If you have celiac disease in your family, I highly recommend a quick read of the University of Chicago Celiac Disease Center’s annual report – it is a short synopsis of relevant research (free – http://www.cureceliacdisease.org/wp-content/uploads/CdC_ResearchReport_17_WEBSITE.pdf).
What I find particularly interesting is the link between the gene and a virus. This is especially important for families with a history of the disease (it is genetic) with young children, as the research shows that a virus can turn on the disease when the young child is first introduced to gluten.
The second item – talking about the drug montelukast (also known as singular), might be why my diagnosis took so long. I had been taking montelukast for asthma and allergies for years. This likely disguised some of my symptoms.
I also find the last set of questions interesting – in part because I did not have child onset of celiac disease. I expressed my first known symptoms in my late 20s / early 30s. I can look back now and recognize the symptoms, but at the time I had no idea. I had just learned about celiac disease, as my father had just be re-diagnosed. At the time, we had no idea that it was a genetic disease.
I found out I had the celiac gene from 23andme – I had done the genetic test up in Canada, because at the time I did it, the US didn’t allow for the medical information. The test showed that I carry one of the celiac genes. At about the same time, I was diagnosed with Dermatitis herpetiformis (DH) – the skin variant of celiac disease.
There still does not seem to be much awareness for adult onset celiac disease. Much of what is written talks about onset in young children or adolescents (see https://www.mayoclinic.org/diseases-conditions/celiac-disease/symptoms-causes/syc-20352220). This lack of adult onset knowledge reflects on healthcare for adults with celiac disease. My specialist doctors (gastroenterologist and dermatologist) each look at the symptoms of the disease and treating the symptoms – with a gluten-free diet and various creams. No one looks at it holistically. I also do an annual blood test to ensure that the antibodies that attack my system are within the range of what a person without celiac would have. It took more than 6-months on a strict gluten-free diet for my body to get to that ‘normal’ range.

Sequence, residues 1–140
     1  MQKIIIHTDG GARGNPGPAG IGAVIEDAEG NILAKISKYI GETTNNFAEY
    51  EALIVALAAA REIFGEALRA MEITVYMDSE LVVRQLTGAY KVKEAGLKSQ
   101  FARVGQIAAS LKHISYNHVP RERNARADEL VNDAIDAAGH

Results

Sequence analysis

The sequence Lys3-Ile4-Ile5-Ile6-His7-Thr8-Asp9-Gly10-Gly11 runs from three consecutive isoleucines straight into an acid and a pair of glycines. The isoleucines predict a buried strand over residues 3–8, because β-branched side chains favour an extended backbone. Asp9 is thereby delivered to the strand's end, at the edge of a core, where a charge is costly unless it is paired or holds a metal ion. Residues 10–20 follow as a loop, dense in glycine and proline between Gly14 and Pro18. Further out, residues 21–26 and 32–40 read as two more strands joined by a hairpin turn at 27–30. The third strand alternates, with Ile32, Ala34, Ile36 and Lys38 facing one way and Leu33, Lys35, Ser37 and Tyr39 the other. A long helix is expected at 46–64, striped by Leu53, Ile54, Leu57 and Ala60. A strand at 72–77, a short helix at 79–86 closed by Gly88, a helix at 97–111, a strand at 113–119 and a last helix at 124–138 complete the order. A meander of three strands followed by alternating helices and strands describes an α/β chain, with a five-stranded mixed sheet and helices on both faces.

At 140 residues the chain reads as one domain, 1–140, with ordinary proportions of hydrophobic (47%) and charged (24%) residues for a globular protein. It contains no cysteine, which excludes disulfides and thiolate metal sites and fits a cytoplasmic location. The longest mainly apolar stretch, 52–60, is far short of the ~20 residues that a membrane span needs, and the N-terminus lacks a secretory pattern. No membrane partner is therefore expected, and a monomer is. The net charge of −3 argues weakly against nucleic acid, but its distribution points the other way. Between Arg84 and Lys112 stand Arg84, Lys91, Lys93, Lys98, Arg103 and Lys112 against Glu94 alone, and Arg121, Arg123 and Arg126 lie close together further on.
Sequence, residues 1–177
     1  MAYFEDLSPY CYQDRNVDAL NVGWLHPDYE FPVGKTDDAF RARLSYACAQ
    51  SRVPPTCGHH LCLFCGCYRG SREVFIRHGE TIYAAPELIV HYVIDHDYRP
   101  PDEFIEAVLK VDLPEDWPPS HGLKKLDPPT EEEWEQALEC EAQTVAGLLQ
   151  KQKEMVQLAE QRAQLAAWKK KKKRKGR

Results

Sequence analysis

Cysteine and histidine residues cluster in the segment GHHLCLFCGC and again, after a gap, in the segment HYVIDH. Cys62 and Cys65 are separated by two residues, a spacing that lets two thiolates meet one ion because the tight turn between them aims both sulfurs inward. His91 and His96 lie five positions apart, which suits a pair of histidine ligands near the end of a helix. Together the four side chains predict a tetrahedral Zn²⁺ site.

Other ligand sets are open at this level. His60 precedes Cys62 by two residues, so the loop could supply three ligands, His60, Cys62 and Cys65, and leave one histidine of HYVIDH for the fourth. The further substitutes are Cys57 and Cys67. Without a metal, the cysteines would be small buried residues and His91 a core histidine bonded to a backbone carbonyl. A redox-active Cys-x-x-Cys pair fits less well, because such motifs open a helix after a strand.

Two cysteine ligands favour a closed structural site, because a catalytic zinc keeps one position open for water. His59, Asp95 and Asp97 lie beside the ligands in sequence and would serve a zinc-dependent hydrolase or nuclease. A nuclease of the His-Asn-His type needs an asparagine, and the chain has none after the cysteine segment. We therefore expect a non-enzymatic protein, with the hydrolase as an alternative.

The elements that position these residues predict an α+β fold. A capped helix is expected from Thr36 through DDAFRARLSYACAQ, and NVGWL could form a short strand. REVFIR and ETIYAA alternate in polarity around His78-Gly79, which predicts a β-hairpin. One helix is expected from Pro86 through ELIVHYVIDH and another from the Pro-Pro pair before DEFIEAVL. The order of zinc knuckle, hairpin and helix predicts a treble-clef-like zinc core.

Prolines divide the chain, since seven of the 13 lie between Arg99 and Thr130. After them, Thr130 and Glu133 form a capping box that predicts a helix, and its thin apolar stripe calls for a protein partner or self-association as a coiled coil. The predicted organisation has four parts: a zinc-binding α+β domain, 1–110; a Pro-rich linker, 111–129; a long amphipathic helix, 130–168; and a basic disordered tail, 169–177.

In 2017, I had one or two mild reactions – but nothing severe. I don’t know if this is because I no longer react severely to mild traces of gluten, or if it is that I’ve been successful at avoiding exposure to even mild traces. I’m learning to be a bit more adventurous with my eating – especially when eating out – to the point where I have forgotten to explicitly tell the wait staff when ordering, and having to call them back to tell them. I still mostly pass on foods when I’m visiting with friends, focusing more on visiting than on eating. I have much less anxiety about exposure. I guess you could say that I have learned to live with it – I have adapted.